"To announce that there must be no criticism of the president, or that we are to stand by the president, right or wrong, is not only unpatriotic and servile, but is morally treasonable to the American public." -- Theodore Roosevelt


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Monday, July 21, 2014

The Partisan Civil Service


"Look, folks within the Civil Service support me simply because they recognize a savior when they see one. I mean just look at this halo!"


An excellent analysis by Richard Sameulson at the NRO. Click on the link here and read the whole piece.

From Samuelson:

Something has gone wrong in our civil service. Consider some recent developments. The IRS was forced to pay the National Organization for Marriage $50,000 for leaking the group’s donor list. Tea-party organizations and donors were much more likely than others to be audited by the IRS. This misbehavior was not the work of a few rogue employees in Cincinnati. In general, the IRS stalled tea-party applications for status as 501(c)(4) groups. 
Meanwhile, April Sands, an employee of the FEC, recently pleaded guilty to violating the Hatch Act, which prohibits federal employees from campaigning at the office. Ms. Sands, who worked in the office charged with enforcing our election laws, recently said, “I just don’t understand how anyone but straight white men can vote Republican.” What business does such a person have in that office in the first place? Somehow the FEC managed to wipe her computer clean, weakening the case against her. Perhaps that answers our question. These cases reflect a larger pattern. Our civil service is putting a thumb on the scale of justice.  
[...]  
Today we have the worst of both worlds: a tenured and partisan civil service. Government employees have civil-service protection and are seldom fired, only for the most egregious of crimes. Yet they lean to one party. From 1989 to 2012, two-thirds of donations from IRS employees, for example, went to Democrats. Even so, our civil servants seem to think that they are politically neutral. Hence the employees at the VA think it is reasonable to spy on (presumptively partisan) congressional investigators, and hard drives mysteriously get destroyed in the IRS scandal. Laws are for the little people, as Glenn Reynolds likes to say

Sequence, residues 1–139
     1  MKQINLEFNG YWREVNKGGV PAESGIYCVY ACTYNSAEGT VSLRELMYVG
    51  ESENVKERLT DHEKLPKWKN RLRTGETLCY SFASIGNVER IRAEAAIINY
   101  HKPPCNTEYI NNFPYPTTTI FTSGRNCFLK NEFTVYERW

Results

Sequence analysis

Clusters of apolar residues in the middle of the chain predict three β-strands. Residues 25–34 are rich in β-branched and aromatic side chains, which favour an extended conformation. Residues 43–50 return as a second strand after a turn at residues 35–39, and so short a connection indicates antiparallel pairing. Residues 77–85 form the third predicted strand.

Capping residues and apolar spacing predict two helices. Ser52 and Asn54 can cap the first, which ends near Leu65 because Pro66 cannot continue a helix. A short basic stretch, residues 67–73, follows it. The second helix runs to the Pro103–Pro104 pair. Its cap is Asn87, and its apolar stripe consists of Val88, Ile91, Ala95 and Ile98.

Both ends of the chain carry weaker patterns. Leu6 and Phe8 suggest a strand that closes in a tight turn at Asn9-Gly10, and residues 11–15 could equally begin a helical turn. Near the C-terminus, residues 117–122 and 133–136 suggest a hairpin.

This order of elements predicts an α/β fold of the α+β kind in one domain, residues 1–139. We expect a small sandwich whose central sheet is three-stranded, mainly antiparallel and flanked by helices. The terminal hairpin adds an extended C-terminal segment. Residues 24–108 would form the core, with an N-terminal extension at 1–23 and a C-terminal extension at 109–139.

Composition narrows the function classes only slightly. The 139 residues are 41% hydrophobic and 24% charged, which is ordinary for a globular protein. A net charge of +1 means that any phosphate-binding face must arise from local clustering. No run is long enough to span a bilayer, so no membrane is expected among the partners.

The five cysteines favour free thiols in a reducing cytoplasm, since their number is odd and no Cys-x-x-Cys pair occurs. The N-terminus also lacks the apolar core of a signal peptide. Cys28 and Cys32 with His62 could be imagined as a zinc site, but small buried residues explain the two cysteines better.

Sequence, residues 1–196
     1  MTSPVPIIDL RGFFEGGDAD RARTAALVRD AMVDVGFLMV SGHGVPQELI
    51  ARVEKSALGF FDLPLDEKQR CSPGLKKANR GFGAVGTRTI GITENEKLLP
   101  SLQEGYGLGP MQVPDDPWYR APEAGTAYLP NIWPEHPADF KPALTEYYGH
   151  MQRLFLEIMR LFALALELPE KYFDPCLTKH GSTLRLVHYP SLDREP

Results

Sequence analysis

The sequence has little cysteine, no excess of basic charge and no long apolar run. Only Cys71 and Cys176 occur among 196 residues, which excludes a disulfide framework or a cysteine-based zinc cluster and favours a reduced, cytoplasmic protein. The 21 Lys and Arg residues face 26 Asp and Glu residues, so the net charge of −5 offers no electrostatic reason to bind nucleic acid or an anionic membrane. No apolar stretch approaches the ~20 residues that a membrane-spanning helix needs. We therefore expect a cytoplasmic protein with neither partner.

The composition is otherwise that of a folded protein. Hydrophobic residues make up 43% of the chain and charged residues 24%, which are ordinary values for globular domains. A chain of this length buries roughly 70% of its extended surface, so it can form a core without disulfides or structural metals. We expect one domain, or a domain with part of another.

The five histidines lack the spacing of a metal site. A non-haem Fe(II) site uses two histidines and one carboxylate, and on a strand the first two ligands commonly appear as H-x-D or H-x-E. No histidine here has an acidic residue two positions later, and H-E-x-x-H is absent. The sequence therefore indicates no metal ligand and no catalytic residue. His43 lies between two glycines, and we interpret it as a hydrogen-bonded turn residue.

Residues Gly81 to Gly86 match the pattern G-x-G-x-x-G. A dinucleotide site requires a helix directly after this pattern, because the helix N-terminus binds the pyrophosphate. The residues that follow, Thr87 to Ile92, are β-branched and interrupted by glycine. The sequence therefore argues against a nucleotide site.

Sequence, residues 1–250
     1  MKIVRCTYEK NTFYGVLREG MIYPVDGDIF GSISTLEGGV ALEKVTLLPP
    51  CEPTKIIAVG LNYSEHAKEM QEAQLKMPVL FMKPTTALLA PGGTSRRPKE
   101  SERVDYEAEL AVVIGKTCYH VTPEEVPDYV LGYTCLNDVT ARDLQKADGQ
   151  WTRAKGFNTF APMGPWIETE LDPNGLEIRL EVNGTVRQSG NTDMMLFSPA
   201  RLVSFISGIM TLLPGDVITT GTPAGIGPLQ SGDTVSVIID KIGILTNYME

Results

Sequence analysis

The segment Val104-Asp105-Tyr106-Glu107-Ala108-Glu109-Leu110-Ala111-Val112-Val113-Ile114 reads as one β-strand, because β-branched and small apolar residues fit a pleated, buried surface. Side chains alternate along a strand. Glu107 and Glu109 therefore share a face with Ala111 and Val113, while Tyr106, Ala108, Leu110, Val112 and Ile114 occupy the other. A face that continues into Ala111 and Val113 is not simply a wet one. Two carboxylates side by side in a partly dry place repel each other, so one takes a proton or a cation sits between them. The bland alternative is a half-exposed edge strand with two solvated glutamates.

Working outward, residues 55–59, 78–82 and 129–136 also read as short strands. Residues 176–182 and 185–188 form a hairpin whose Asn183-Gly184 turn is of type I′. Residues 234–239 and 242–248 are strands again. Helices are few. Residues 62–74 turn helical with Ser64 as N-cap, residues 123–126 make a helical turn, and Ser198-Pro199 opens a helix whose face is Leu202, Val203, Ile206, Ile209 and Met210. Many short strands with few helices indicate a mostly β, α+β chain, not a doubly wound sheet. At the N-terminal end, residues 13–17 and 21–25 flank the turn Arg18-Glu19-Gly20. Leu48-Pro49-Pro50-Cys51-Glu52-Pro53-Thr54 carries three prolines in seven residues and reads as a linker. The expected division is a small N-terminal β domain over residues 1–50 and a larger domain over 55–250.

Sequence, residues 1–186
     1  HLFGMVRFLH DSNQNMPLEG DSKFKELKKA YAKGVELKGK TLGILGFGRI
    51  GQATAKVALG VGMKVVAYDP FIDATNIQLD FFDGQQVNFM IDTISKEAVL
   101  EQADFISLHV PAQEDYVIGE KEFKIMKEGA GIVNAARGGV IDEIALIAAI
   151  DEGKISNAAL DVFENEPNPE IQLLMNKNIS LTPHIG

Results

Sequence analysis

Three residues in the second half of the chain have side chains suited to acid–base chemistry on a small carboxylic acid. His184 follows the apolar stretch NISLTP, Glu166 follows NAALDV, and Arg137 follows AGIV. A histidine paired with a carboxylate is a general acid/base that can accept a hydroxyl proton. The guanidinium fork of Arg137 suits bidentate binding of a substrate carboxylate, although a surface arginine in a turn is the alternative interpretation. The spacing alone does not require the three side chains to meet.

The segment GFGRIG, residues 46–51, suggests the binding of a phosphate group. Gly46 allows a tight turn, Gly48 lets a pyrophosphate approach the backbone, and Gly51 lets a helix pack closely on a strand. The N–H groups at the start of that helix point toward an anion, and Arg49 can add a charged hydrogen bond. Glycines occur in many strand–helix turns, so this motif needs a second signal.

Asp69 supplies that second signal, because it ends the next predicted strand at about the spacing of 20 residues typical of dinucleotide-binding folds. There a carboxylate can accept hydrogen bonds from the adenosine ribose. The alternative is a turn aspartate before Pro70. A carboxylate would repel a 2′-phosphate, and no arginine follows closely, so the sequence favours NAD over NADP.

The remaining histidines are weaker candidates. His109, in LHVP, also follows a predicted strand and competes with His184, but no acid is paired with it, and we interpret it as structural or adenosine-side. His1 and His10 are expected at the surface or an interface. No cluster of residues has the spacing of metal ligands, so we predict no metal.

The rise of the “fourth branch” of government — the administrative bureaucracy — complicates things further. Obamacare was roughly 2,000 pages long when Congress passed it. Bureaucrats have added thousands more. The Hobby Lobby case was about a rule written by bureaucrats, not by Congress. In fact, Congress probably would never have passed such a law. Worse, our tenured partisans sometimes delegate their jobs to activists. Who drafted the EPA’s new greenhouse regulations? The National Resources Defense Council.       
Nowadays, in other words, laws are, in effect, written, interpreted, and enforced by the bureaucratic equivalent of made men who are quite well paid. So much for checks and balances. Moreover, our legal code is so complicated that, as Harvey Silverglate notes, most businesses or individuals are probably guilty of breaking some law somewhere. That puts each of us at the mercy of the government.

All of the actions that these partisan shills too are unacceptable, of course. However the most important thing for people to do is to recognize that this partisan problem does, in fact, exist. This knowledge allows all of us to more easily fathom why the U.S. is continually becoming more politically Left while a huge majority of Americans self-identify as being conservative or middle-of-the-road-- in that order. It's backed into the bureaucratic cake, and we ignore this at our own peril.

Massive Civil Service reforms must take place, if the U.S. ever hopes to correct itself and get back onto a economically sustainable course.


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